Harvard Heart Letter

Resuming sex after a heart attack

A new report answers the questions on everyone's mind.

After a heart attack or revascularization procedure, many people wonder whether it will be safe to resume sexual activity, and if so, when. They may worry about having another heart attack, or about dying during intercourse. If they have had bypass surgery, they may worry that sexual activity might be painful. Despite the importance of sex in a healthy relationship, many people (including doctors) are uncomfortable discussing it. As a result, questions go unasked, and information is not volunteered. The whole issue becomes the elephant in the room.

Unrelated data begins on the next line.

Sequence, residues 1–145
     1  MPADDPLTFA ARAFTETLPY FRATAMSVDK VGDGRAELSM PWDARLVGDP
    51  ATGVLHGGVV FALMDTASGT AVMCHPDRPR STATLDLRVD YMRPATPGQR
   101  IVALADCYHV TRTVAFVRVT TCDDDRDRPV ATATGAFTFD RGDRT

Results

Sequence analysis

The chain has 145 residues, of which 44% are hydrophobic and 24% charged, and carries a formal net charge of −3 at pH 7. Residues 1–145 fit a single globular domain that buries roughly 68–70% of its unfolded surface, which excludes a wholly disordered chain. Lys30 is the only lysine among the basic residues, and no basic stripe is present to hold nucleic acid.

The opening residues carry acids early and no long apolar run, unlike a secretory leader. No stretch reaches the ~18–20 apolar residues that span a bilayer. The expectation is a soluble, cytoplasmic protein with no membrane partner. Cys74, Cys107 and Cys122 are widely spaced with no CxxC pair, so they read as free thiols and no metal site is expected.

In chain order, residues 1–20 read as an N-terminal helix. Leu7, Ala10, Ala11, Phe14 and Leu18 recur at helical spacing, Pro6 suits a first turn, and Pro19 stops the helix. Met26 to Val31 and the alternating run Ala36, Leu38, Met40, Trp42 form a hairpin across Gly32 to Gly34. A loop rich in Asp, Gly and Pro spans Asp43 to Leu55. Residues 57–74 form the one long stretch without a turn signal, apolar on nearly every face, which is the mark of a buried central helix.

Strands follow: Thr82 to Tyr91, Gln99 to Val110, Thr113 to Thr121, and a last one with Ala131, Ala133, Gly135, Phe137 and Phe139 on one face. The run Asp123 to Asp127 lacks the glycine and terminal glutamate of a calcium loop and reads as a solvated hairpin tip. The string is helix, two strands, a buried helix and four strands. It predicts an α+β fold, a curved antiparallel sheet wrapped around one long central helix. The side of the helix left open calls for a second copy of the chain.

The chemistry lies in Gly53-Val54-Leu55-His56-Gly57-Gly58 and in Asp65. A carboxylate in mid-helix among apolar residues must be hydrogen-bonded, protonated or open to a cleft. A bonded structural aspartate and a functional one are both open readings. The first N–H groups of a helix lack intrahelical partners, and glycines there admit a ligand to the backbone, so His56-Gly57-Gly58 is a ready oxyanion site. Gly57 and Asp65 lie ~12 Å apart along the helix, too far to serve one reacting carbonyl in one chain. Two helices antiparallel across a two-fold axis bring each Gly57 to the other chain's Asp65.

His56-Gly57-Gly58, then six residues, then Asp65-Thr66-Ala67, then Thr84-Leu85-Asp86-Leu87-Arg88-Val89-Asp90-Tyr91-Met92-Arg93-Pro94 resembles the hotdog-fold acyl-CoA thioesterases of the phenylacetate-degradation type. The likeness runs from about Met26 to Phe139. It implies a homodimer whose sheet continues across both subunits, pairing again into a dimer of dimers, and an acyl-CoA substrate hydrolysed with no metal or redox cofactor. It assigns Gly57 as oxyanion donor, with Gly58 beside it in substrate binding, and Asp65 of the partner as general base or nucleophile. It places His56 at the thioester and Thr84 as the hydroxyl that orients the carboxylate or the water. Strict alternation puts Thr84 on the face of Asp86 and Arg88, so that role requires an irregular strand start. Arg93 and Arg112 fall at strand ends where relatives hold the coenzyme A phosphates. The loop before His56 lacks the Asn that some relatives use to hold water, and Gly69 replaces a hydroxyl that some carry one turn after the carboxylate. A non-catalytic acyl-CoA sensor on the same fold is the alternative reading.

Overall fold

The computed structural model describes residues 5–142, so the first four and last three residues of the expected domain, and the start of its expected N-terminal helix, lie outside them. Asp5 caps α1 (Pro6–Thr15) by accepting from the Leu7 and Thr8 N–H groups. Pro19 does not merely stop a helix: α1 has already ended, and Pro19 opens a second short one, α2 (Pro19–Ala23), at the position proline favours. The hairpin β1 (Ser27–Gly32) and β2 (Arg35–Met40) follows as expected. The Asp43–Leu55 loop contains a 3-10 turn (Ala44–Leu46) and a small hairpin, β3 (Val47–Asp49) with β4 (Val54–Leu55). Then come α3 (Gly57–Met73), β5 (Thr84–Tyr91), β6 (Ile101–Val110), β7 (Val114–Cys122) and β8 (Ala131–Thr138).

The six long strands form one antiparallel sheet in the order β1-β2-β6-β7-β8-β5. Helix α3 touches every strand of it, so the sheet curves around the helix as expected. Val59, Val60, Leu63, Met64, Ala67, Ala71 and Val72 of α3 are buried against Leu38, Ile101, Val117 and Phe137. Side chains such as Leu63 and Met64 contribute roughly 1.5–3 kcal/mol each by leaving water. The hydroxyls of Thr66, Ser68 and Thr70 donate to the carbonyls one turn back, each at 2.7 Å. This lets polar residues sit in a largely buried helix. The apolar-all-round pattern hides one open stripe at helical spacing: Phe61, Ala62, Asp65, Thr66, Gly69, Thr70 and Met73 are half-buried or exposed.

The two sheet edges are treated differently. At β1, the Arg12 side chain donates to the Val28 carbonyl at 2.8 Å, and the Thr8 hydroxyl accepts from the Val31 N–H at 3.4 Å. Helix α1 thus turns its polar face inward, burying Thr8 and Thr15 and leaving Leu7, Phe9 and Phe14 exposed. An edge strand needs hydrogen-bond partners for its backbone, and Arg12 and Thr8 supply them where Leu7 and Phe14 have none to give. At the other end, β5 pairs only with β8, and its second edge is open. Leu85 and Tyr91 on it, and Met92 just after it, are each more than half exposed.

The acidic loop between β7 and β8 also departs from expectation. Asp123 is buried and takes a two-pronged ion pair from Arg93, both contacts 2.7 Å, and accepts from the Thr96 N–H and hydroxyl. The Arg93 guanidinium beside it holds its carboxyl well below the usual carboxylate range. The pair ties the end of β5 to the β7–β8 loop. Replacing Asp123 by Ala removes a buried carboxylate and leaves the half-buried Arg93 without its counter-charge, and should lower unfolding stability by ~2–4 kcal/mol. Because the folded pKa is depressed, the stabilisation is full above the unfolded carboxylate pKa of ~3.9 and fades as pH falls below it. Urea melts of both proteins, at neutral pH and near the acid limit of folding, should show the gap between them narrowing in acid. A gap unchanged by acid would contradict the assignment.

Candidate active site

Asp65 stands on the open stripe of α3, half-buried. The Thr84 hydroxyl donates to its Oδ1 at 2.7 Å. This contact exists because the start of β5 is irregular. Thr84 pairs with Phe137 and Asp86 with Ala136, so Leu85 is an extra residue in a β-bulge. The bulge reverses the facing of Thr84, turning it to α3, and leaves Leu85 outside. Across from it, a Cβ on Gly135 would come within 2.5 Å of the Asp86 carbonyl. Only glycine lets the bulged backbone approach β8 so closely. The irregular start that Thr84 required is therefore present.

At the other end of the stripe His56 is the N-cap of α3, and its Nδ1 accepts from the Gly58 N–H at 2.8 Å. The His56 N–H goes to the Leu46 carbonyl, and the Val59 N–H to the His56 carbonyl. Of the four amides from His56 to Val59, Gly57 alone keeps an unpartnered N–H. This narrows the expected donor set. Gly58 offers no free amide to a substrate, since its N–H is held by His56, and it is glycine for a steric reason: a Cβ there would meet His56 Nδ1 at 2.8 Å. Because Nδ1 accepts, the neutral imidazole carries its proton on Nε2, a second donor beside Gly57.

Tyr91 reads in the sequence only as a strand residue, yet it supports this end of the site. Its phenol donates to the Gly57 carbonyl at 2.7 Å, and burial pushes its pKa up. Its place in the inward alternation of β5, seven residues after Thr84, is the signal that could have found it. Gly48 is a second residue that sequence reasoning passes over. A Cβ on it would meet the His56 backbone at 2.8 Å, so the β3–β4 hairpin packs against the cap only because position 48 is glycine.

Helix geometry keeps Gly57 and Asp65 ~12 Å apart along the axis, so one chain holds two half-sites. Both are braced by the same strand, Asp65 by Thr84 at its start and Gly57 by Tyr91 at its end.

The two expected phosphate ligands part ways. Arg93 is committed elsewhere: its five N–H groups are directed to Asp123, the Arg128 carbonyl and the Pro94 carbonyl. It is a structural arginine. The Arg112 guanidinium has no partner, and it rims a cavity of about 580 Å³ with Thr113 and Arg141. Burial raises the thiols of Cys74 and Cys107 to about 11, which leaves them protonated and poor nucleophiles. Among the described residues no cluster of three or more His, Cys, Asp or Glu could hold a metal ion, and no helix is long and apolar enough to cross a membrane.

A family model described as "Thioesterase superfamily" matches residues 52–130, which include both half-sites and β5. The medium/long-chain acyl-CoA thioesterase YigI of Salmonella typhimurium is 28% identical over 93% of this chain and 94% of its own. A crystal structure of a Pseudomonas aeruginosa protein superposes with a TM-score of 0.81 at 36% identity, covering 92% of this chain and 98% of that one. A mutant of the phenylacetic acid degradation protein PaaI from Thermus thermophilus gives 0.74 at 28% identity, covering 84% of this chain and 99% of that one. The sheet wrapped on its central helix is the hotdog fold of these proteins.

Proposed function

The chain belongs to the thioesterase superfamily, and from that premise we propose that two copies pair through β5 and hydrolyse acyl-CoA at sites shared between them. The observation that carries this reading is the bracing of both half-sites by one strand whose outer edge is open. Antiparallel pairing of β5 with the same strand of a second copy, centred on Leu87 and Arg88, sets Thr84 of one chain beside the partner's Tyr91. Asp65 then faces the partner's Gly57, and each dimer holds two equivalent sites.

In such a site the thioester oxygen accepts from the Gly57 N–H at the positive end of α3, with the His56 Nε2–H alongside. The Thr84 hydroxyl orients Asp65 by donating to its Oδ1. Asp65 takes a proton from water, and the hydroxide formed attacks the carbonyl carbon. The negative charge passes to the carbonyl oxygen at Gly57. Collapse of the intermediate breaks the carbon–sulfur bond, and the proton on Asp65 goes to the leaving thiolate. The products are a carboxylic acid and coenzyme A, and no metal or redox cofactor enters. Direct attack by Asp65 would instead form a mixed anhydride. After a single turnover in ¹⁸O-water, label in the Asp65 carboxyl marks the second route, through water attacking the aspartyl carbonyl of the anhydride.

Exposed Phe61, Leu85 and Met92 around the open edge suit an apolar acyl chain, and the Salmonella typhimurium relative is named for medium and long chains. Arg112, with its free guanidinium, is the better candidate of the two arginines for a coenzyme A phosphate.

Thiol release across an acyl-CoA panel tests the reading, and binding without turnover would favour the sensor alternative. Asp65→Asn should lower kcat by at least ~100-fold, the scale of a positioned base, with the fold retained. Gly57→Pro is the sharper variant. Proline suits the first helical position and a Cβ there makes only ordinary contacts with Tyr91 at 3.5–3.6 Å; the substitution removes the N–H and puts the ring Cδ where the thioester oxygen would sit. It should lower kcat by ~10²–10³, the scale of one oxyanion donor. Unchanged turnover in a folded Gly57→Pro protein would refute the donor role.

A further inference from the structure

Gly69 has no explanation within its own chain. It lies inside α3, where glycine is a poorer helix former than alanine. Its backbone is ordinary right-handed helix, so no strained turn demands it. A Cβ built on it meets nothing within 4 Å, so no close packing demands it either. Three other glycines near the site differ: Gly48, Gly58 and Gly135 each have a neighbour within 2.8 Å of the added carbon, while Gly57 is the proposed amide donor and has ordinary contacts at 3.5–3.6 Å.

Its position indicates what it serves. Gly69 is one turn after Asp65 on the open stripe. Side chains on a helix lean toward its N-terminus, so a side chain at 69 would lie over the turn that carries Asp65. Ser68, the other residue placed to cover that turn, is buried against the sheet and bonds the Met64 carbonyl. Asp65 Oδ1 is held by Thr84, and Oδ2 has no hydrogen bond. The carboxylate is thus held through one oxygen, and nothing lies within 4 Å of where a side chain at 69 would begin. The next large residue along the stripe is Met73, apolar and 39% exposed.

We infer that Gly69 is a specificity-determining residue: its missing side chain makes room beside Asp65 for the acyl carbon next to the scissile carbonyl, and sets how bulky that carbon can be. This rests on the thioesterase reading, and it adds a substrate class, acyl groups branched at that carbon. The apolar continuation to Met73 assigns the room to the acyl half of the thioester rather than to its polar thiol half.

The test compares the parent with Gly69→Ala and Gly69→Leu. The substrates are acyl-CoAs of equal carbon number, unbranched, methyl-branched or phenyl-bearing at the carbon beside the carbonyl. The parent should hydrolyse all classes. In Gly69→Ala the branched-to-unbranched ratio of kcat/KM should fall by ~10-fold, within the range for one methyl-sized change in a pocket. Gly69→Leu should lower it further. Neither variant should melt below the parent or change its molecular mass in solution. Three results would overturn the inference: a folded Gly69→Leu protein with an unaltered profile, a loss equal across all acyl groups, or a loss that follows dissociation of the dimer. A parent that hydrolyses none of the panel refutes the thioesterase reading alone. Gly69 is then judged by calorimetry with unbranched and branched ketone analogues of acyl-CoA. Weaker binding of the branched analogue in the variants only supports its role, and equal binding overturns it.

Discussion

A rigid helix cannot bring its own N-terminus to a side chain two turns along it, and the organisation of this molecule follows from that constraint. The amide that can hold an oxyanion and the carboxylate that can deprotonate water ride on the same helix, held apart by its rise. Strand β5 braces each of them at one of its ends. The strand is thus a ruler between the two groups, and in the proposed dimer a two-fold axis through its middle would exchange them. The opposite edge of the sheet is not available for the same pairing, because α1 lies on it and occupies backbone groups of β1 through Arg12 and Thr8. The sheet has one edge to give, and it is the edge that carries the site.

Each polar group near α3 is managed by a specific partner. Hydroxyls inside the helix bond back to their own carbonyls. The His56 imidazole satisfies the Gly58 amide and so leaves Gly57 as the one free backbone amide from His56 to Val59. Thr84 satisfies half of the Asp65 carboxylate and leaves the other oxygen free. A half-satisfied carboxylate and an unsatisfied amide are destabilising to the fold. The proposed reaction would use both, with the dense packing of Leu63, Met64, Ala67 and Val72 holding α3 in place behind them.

The American Heart Association (AHA) felt that evidence-based recommendations might help doctors initiate discussions on this important topic. The AHA commissioned a committee of experts in various fields to review studies and determine what is known on the topic. The resulting comprehensive statement on sexual activity and cardiovascular disease answers most questions people are too embarrassed to ask. "I think the guidelines are excellent. They provide practical advice. Where there is no research evidence to give clear guidance, the guidelines offer useful recommendations in these gray areas. They are worth review by partners as well as patients, since spouses and significant others are often afraid to resume sexual activity out of concern they will harm the patient," says Harvard Heart Letter co-editor Dr. Thomas Lee. We summarize some of the key points here. The entire document can be found in the February 28, 2012 issue of Circulation.

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